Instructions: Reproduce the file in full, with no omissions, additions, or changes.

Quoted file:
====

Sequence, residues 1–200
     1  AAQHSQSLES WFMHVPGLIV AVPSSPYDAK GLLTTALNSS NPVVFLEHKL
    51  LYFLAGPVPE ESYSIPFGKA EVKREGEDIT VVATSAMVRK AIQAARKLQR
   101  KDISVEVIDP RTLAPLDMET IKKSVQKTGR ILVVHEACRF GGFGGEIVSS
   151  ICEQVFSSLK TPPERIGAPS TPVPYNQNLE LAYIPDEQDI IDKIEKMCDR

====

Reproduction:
Sequence, residues 1–200
     1  AAQHSQSLES WFMHVPGLIV AVPSSPYDAK GLLTTALNSS NPVVFLEHKL
    51  LYFLAGPVPE ESYSIPFGKA EVKREGEDIT VVATSAMVRK AIQAARKLQR
   101  KDISVEVIDP RTLAPLDMET IKKSVQKTGR ILVVHEACRF GGFGGEIVSS
   151  ICEQVFSSLK TPPERIGAPS TPVPYNQNLE LAYIPDEQDI IDKIEKMCDR